Guide

Debt Reduction Guide: Planning For The Future

No Credit Needed Debt Reduction Guide

Section Five: Planning For The Future

Budget For Future Purchases

Now that you are debt free, put a plan into place so that you can stay that way.

  • Create budget categories for future major purchases. I have categories labeled ‘automobile replacement’, ‘new furniture’, and ‘new electronics’ .
  • Commit to paying cash (or using cash equivalents) for all future purchases. If you do choose to use a credit card, plan to pay it off, in full, each month. I would strongly urge you to live without a credit card, at least for a few months, until you have changed your old spending/borrowing/purchasing habits.

Maximize Retirement And College Savings

In Section Three, you began to investigate the various retirement accounts for which you are eligible. Now is the time to focus your energy and to fund them in earnest. Personally, I make maximum contributions to my 403(b), a Roth IRA, and Education Savings Accounts for my children.

Inspire Others And Enjoy Giving

Find someone with whom you can share your story. Celebrate your freedom. Now that you have taken control of your finances, be sure to share you blessings with others who might be in need. When you don’t have to worry about debt payments, giving money away can be really, really fun.

Thank you for reading the No Credit Needed Debt Reduction Guide.

You have been reading Section Five: Planning For The Future.

Please bookmark this page or subscribe to the No Credit Needed RSS Feed to insure that you receive all sections:

Section One: Getting Started

Section Two: Moving Beyond The Basics

Section Three: Preparing For Freedom

Section Four: Staying The Course

Section Five: Planning For The Future

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4 thoughts on “Debt Reduction Guide: Planning For The Future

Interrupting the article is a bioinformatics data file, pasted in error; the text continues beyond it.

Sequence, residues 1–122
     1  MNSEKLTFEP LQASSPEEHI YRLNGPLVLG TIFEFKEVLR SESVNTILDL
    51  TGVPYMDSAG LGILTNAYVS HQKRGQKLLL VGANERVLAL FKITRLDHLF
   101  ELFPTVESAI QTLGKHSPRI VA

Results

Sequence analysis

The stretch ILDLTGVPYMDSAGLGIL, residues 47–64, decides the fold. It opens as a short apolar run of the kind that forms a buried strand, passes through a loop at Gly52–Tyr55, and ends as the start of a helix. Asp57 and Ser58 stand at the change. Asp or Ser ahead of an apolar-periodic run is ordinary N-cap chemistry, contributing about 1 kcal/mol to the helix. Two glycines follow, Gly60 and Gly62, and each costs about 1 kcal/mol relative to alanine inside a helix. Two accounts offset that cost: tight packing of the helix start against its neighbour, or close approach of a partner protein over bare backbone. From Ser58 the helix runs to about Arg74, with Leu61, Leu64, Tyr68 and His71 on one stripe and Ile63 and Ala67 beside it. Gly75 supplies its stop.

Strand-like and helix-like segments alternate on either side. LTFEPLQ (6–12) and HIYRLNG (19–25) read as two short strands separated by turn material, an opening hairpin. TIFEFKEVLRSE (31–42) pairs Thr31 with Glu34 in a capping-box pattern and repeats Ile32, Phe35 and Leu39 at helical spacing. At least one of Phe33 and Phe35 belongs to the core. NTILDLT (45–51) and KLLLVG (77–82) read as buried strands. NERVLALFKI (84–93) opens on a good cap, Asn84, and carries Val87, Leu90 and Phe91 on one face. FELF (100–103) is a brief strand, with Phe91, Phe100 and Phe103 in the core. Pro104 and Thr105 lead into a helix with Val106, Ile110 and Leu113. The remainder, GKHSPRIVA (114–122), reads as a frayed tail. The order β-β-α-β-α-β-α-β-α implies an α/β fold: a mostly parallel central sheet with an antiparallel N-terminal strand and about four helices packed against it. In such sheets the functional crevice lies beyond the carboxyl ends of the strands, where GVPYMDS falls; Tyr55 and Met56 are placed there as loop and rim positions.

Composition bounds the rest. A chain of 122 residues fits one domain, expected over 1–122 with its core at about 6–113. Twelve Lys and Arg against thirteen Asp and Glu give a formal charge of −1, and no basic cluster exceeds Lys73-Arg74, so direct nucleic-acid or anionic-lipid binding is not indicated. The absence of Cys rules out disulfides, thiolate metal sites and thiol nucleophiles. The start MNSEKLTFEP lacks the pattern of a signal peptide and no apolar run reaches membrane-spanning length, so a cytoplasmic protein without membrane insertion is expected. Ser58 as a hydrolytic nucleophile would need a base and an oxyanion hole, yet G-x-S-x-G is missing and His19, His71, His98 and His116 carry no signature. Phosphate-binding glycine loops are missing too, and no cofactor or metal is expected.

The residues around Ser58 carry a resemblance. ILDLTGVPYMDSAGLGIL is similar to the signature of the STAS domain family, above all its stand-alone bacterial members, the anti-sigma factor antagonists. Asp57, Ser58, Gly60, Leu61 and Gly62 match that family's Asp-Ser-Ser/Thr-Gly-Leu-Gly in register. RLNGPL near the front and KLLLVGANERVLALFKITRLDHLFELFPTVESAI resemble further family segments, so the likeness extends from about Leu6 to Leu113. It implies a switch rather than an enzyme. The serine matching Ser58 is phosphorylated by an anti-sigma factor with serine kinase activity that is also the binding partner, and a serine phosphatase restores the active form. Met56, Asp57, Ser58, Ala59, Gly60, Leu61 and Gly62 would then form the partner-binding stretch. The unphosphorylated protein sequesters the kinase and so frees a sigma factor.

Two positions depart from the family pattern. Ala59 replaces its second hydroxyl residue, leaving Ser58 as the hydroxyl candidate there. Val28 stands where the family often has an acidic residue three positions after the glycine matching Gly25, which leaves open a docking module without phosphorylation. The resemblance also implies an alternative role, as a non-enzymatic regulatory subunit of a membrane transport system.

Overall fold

1. I find it important to focus on maximizing retirement funds as well, but it can be hard if income is not high. Maxing out 401K, Roth IRA, and having a savings can be hard if you have rent, utilities, groceries, gas, etc. I am making a huge effort to contribute as much as I can, but I do feel the crunch. I am nearly out of student loan debt, and am excited to how my personal net worth will grow in the months to follow.

  2. I am so glad I came across your blog. Your advice with the debt reduction guide is a life-saver. To some people I may not have alot of debt, but to me it is alot when you don’t have alot of margin in between. I am actually excited about the new gain knowledge to pay off debt.
    Once again, thanks.

  3. i’ve been paying off my student loan since feb 2006 and this is the last year that i am paying off this burden of mine. you are right, i’m going to be crying of joy once this is gone. it’s really worth it but i feel so discouraged sometimes because i want to be doing what everyone else is doing.. going on vacation, buying a condo, putting money away for retirement, getting a car!!>commuting on the bus for 3 hours a day is no fun. thanks for the encouragement. i’m going to keep revisiting this site just to remember to stay on course because it’s definately worth it to be free.

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